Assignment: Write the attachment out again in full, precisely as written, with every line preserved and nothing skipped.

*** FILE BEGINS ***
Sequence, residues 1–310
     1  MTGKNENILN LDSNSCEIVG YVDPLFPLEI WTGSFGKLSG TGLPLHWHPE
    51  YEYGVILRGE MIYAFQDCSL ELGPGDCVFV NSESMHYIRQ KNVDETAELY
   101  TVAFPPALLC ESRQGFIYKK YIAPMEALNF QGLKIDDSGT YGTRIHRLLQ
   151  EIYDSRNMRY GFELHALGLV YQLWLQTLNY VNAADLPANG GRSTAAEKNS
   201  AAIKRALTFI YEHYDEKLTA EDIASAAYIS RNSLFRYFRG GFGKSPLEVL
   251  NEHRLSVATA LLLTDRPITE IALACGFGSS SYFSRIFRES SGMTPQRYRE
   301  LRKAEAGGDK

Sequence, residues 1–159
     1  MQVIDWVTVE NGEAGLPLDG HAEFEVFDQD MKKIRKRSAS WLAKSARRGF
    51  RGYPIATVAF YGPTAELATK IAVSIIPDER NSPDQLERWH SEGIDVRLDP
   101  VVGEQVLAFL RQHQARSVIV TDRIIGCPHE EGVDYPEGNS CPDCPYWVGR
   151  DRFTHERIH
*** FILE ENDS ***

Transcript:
Sequence, residues 1–310
     1  MTGKNENILN LDSNSCEIVG YVDPLFPLEI WTGSFGKLSG TGLPLHWHPE
    51  YEYGVILRGE MIYAFQDCSL ELGPGDCVFV NSESMHYIRQ KNVDETAELY
   101  TVAFPPALLC ESRQGFIYKK YIAPMEALNF QGLKIDDSGT YGTRIHRLLQ
   151  EIYDSRNMRY GFELHALGLV YQLWLQTLNY VNAADLPANG GRSTAAEKNS
   201  AAIKRALTFI YEHYDEKLTA EDIASAAYIS RNSLFRYFRG GFGKSPLEVL
   251  NEHRLSVATA LLLTDRPITE IALACGFGSS SYFSRIFRES SGMTPQRYRE
   301  LRKAEAGGDK

Sequence, residues 1–159
     1  MQVIDWVTVE NGEAGLPLDG HAEFEVFDQD MKKIRKRSAS WLAKSARRGF
    51  RGYPIATVAF YGPTAELATK IAVSIIPDER NSPDQLERWH SEGIDVRLDP
   101  VVGEQVLAFL RQHQARSVIV TDRIIGCPHE EGVDYPEGNS CPDCPYWVGR
   151  DRFTHERIH